Cultural diversity in a democratic society
This article examines the impact of cultural diversity on national cultural institutions. It considers whether, long used to defending a particular set of cultural values, they can transform themselves into defenders of democratic cultural participation.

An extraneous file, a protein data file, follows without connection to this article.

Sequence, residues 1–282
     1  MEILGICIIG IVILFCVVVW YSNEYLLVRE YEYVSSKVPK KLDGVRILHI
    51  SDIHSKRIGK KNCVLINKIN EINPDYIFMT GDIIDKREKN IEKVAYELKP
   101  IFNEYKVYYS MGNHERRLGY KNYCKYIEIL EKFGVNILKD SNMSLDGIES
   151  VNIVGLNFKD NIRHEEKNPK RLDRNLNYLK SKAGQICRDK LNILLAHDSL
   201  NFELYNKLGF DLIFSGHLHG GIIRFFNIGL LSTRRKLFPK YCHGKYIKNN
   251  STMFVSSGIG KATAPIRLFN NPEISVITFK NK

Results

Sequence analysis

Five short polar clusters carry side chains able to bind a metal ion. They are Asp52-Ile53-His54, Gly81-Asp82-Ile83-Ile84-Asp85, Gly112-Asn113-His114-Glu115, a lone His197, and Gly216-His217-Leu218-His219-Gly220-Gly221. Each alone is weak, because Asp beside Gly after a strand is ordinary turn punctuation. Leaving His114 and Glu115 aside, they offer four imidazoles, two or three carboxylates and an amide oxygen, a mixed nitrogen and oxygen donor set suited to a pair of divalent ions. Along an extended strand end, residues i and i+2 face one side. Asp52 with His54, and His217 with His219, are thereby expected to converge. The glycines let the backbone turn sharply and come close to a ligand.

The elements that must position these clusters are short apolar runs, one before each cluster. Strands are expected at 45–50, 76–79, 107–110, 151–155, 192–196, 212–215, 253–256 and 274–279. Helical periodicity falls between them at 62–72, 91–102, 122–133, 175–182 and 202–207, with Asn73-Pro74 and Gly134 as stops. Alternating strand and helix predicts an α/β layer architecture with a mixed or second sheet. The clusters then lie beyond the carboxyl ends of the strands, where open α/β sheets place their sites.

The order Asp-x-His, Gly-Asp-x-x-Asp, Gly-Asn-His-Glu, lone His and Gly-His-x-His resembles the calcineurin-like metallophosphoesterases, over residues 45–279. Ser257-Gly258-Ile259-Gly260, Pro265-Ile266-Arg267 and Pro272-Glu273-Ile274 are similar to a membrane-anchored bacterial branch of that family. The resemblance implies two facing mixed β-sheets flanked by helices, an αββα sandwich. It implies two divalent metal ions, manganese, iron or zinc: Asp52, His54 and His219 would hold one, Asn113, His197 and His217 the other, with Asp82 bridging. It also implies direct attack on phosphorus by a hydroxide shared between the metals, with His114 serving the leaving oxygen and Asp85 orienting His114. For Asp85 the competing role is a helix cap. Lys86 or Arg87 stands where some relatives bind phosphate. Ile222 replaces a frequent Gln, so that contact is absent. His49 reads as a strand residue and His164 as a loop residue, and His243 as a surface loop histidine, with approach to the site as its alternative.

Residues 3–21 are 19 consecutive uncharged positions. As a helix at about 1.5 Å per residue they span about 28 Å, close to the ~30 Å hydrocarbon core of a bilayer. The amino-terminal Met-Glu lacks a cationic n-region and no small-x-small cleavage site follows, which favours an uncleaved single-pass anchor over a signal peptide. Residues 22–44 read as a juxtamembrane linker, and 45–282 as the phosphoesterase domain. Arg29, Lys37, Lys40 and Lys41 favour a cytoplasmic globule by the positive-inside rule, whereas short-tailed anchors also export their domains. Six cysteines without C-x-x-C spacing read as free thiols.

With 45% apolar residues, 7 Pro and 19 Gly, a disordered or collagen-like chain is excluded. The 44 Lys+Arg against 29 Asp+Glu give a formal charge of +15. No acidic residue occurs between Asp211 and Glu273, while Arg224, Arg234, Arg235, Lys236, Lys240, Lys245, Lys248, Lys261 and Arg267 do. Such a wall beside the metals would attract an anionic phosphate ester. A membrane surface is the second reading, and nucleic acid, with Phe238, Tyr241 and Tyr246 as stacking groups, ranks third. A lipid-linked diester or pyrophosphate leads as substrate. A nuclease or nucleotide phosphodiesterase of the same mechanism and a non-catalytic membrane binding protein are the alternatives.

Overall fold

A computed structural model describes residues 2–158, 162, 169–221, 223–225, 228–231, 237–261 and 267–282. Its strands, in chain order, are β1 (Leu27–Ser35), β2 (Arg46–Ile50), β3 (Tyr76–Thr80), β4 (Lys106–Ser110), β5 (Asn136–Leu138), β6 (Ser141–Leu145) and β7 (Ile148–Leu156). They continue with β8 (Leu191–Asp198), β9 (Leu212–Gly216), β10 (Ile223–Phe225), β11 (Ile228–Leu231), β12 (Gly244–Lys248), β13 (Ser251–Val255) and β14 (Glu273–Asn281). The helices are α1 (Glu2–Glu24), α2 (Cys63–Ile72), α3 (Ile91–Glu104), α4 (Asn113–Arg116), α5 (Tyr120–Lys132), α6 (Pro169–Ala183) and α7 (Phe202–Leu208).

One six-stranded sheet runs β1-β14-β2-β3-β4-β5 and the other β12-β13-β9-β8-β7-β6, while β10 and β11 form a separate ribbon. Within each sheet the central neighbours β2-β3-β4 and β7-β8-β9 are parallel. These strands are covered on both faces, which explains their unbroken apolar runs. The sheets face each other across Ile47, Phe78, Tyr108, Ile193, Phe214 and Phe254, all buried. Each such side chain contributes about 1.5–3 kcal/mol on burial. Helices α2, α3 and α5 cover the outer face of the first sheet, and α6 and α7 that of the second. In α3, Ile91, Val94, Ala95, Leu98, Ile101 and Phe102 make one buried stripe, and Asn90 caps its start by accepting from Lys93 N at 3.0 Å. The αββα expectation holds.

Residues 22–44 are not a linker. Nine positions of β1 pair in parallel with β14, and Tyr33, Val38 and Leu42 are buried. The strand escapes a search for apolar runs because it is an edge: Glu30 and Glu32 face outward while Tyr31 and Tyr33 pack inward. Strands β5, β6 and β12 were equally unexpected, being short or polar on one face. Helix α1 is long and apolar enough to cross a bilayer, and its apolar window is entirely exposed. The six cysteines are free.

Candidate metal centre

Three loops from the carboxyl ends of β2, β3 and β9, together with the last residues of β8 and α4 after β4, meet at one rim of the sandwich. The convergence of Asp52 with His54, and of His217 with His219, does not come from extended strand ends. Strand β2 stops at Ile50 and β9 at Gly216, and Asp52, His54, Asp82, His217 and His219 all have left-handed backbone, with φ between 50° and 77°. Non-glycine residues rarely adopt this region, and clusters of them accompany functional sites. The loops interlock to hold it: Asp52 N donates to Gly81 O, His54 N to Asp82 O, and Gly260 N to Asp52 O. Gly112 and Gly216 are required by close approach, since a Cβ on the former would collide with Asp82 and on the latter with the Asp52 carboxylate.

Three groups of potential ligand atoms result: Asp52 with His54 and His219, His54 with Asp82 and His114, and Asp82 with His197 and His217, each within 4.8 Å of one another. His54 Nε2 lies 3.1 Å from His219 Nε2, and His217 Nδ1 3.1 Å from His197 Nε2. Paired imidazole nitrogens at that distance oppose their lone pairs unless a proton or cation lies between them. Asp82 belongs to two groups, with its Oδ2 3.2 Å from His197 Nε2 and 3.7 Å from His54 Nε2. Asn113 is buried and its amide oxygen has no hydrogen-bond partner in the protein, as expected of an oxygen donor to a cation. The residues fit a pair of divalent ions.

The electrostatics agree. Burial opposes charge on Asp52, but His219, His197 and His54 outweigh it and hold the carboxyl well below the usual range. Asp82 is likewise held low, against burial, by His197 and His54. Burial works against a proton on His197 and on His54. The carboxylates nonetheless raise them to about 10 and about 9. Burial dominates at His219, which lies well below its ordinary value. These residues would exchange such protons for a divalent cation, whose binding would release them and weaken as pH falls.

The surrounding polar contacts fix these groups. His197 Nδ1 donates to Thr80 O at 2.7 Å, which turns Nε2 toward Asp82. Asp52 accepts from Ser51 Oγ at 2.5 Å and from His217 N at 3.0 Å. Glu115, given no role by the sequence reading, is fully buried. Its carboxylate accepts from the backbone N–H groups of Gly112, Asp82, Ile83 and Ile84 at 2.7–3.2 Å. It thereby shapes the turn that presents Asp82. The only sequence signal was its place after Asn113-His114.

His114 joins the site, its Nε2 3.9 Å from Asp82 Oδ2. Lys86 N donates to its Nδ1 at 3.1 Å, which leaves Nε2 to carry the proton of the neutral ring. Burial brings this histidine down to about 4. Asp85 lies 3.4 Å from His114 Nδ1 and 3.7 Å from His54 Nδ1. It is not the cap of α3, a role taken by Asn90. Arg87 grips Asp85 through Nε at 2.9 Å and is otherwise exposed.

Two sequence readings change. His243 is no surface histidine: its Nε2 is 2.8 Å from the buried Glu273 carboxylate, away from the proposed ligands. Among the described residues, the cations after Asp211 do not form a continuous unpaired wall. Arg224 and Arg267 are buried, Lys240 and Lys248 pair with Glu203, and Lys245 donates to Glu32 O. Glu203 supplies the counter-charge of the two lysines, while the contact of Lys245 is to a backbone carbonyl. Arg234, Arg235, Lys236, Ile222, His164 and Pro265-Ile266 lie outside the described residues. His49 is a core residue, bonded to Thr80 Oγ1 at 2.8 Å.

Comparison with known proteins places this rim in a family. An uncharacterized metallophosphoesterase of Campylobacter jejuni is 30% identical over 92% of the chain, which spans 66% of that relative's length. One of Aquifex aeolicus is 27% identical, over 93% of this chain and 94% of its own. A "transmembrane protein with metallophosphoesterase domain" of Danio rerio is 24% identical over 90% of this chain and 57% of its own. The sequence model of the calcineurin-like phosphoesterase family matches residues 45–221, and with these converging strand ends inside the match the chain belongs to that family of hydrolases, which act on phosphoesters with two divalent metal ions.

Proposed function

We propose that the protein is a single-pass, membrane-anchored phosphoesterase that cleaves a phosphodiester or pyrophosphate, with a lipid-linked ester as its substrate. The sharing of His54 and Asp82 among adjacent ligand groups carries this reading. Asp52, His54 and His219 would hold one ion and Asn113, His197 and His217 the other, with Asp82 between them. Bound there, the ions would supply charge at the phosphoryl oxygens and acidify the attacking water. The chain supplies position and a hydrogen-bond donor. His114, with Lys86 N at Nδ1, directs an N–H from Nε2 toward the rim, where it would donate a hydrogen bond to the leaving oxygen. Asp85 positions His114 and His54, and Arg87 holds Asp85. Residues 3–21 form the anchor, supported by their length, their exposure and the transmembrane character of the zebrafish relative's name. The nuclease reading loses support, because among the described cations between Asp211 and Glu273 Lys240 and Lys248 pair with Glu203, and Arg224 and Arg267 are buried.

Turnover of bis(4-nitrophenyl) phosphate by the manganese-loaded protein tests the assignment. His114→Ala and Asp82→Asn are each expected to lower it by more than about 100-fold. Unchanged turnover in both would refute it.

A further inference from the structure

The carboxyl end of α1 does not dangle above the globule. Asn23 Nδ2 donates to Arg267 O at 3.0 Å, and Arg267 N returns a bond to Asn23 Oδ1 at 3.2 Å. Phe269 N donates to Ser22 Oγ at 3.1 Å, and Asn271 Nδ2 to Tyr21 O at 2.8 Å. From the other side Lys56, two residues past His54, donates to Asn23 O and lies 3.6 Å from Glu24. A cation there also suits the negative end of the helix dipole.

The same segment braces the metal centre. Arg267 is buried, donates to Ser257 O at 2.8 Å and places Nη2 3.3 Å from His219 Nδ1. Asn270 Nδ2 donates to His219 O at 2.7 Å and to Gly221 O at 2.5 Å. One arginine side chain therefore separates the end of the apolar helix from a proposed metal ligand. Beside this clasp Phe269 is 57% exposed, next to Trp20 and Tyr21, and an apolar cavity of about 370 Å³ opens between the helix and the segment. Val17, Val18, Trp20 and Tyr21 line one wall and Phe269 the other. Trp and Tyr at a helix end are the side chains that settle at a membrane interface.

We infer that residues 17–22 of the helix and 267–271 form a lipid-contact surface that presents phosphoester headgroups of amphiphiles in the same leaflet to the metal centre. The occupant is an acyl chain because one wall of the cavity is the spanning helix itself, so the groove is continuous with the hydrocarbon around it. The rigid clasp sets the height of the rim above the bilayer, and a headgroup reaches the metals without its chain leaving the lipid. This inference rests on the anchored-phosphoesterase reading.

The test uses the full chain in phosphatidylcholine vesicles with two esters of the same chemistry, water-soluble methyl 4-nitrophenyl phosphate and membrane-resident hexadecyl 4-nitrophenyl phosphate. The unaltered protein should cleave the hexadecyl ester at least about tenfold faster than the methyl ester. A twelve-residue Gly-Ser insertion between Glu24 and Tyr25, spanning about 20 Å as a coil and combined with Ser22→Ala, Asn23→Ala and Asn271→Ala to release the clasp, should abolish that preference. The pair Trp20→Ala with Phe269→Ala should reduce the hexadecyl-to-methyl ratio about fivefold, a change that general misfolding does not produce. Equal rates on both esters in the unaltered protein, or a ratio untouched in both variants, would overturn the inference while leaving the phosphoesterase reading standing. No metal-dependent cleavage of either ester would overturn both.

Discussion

It is possible to see the growing cultural diversity of European states not as the loss of a golden age of social cohesion, but as the normalisation, in world terms, of societies that experienced a historically short period of apparent unity achieved through massive loss of life, displacement and ‘ethnic cleansing’. If the relative ethnic and cultural homogeneity of mid-20th century Western Europe was no more than a temporary abnormality, in historic and global terms, there are important consequences for how the societies concerned should adapt to their changing circumstances.